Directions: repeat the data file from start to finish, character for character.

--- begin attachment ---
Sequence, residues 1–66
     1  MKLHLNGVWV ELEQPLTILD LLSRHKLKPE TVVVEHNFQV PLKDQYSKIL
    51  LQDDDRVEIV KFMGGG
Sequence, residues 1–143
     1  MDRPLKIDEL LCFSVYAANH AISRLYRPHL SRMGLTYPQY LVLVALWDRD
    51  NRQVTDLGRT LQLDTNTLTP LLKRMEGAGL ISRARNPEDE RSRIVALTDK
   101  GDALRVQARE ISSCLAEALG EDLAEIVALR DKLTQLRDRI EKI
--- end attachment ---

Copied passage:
Sequence, residues 1–66
     1  MKLHLNGVWV ELEQPLTILD LLSRHKLKPE TVVVEHNFQV PLKDQYSKIL
    51  LQDDDRVEIV KFMGGG
Sequence, residues 1–143
     1  MDRPLKIDEL LCFSVYAANH AISRLYRPHL SRMGLTYPQY LVLVALWDRD
    51  NRQVTDLGRT LQLDTNTLTP LLKRMEGAGL ISRARNPEDE RSRIVALTDK
   101  GDALRVQARE ISSCLAEALG EDLAEIVALR DKLTQLRDRI EKI